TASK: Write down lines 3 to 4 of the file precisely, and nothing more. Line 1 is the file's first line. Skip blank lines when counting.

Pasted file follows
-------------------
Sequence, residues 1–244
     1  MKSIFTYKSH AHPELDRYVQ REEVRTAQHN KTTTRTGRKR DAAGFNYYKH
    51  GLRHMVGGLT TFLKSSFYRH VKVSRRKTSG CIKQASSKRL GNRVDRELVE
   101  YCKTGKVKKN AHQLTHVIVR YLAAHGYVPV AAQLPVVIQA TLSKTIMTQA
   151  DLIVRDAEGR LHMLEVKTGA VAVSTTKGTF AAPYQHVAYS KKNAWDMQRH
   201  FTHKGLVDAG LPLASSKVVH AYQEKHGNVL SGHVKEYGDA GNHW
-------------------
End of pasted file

    51  GLRHMVGGLT TFLKSSFYRH VKVSRRKTSG CIKQASSKRL GNRVDRELVE
   101  YCKTGKVKKN AHQLTHVIVR YLAAHGYVPV AAQLPVVIQA TLSKTIMTQA